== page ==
Glenn Kessler of the Washington Compost says that soon-to-be ex-President Trump has lied about pre-existing conditions. Link.Far more truthful is that Kessler's article is a big fat lie, as was Kamala Harris saying basically the same thing while debating before the November election last year. Both Kessler and Harris talk as if pre-existing conditions is a widespread concern, whereas in fact it is an extremely narrow concern. It pertains to so few people that Kessler and Harris make a mountain out of an ant hill.
Like I argued here, Harris absurdly claimed that Trump/Pence would take away health insurance from people who have pre-existing conditions. Harris' vague lie said, "you have Donald Trump who is in court right now trying to get rid of – trying to get rid of the Affordable Care Act (ACA), which means that you will lose protections, if you have pre-existing conditions. ... If you have a pre-existing condition, heart disease, diabetes, breast cancer, they're coming for you."
Trump/Pence have not done or advocated any such thing. They got rid of one small part of the ACA --the mandate to buy health insurance by reducing the penalty to $0 for non-compliance. They did nothing to eliminate the ACA's health insurance exchanges, or cancel the insurance of people with pre-existing conditions. Insurers on the Obamacare health insurance exchanges cannot refuse an applicant for pre-existing conditions and are prevented by law from ending somebody's coverage because the insured has pre-existing conditions.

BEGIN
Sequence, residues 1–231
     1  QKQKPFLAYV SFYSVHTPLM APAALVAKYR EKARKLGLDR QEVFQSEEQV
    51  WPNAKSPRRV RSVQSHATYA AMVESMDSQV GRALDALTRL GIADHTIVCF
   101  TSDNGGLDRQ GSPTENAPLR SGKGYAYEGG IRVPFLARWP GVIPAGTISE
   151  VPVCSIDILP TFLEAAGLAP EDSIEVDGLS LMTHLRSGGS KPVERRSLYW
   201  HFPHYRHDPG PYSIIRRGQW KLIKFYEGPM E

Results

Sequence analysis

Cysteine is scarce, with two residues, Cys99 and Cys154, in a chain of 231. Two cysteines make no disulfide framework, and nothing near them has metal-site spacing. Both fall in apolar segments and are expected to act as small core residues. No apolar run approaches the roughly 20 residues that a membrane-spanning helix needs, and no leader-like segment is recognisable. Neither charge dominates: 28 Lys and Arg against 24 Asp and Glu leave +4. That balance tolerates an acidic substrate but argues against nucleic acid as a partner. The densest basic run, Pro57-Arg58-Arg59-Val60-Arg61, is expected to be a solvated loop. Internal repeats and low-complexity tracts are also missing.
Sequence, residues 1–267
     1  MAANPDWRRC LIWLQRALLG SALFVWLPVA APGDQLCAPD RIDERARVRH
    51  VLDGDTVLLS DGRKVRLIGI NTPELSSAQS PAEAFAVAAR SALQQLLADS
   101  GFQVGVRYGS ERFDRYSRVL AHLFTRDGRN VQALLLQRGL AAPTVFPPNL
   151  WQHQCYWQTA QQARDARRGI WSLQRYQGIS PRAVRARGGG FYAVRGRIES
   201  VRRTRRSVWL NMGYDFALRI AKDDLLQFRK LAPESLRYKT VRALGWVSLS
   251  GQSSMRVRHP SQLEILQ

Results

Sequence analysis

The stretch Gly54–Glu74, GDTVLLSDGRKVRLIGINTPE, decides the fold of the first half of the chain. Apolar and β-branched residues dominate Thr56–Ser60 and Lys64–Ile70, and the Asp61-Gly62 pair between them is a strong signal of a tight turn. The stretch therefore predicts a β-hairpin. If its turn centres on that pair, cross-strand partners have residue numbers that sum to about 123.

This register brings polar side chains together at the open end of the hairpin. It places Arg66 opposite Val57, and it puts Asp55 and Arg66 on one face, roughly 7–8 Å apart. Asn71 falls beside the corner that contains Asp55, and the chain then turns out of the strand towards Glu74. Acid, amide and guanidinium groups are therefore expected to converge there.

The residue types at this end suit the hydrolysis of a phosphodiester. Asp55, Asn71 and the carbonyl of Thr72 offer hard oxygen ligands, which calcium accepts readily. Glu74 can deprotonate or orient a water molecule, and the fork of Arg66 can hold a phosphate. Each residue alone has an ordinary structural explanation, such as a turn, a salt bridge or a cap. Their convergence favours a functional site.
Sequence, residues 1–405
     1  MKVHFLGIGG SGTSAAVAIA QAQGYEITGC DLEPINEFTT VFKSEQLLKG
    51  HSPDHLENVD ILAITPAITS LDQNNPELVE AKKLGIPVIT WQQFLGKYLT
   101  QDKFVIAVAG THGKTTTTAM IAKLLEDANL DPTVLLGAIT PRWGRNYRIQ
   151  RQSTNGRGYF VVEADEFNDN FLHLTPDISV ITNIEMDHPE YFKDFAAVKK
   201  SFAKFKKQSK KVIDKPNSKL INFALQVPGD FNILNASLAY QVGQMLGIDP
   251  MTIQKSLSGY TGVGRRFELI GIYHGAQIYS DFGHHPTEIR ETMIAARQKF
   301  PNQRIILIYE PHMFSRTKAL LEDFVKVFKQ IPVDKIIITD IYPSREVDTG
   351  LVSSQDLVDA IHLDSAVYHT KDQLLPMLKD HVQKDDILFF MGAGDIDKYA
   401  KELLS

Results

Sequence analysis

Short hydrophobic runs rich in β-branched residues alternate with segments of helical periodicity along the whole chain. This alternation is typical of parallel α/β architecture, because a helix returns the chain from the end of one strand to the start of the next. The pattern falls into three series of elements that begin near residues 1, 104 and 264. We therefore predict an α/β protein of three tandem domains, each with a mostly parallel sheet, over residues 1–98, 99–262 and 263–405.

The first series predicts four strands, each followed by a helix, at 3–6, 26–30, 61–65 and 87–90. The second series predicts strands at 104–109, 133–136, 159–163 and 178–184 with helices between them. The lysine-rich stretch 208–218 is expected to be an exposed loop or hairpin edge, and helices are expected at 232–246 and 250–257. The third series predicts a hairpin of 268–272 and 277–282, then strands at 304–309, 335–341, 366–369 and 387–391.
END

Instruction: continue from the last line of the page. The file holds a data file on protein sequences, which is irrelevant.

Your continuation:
Insurers who sell Medicare Advantage and Medicare supplement policies cannot refuse coverage to a person when they first become eligible for Medicare. Medicare itself does not deny coverage to people with pre-existing conditions. These rules concerning Medicare, Medicare Advantage and Medicare supplement policies existed long before the Affordable Care Act. A total repeal of the Affordable Care Act would thus not alter those programs.
In summary pre-existing conditions pertain to only a very small segment of the population -- those below age 65 trying to get individual insurance outside the the Obamacare health insurance exchanges and those over age 65 who have a Medicare supplemental policy (not Medicare Advantage) and want to switch carriers. These are the only two situations an insurer can underwrite and decline to provide new coverage.
Even when people lose health insurance due to a job loss, insurance in the form of Medicaid or CHIPs (link) may be obtained not subject to pre-existing conditions.
Kessler falsely asserts, "Trump had nothing to do with the ACA, signed into law by President Barack Obama in 2010." That is irrelevant. When the ACA was modified like Trump wanted, nothing about pre-existing conditions was modified.
Kessler asserts, "Before passage of the ACA, even minor health problems could have led an insurance company to deny coverage." This makes a mountain out of an anthill, due to the very few times an insurer can decline to provide new coverage.
Ironically then, Kessler's article is what is worth four Pinocchios.